Field Museum researchers co-author a paper on a previously unknown type of meteorite that was found fossilized in a 470 million year old seabed.
A Field Museum research loan of iron meteorites that were made available to a group of researches in Germany led to the most accurate chronology to date of planetary core formation.
The group’s study finds that planetary cores formed very fast in geological terms, in about 1 million years after the first solids condensed in the solar system. For the first time the study finds also that cores of the parent bodies of different iron meteorites formed at different times. This was previously unknown and unresolvable because the analytical methods were not precise enough.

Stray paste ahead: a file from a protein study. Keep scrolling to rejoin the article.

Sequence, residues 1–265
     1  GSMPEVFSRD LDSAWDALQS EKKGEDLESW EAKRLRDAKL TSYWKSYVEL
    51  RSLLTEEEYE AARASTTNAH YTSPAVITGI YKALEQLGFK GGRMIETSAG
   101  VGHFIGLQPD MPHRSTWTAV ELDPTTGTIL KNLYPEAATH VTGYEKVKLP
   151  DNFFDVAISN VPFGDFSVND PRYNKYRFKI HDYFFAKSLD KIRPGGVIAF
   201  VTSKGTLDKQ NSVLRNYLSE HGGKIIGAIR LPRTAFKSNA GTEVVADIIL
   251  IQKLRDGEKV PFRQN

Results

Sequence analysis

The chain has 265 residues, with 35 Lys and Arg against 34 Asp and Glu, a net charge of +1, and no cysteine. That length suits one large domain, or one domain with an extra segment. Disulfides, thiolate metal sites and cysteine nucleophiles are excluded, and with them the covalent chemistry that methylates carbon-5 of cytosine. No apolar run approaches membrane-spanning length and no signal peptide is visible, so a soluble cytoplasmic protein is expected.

Dr. Philipp Heck, the Robert A. Pritzker Associate Curator for Meteoritics and Polar Studies and head of the Robert A. Pritzker Center, published a paper on atom-probe tomography of nanodiamonds from The Field Museum’s Allende meteorite in the journal Meteoritics & Planetary Science. This is the first application of the novel technique of Atom-Probe Tomography (APT) in the field of cosmochemistry.
Watch Meteorite Collections Manager Jim Holstein talk about what meteorites are at the Field Museum's popular science outreach show The BrainScoop. The Field Museum holds one of the largest and most important meteorite collections worldwide and the largest at a private research institution.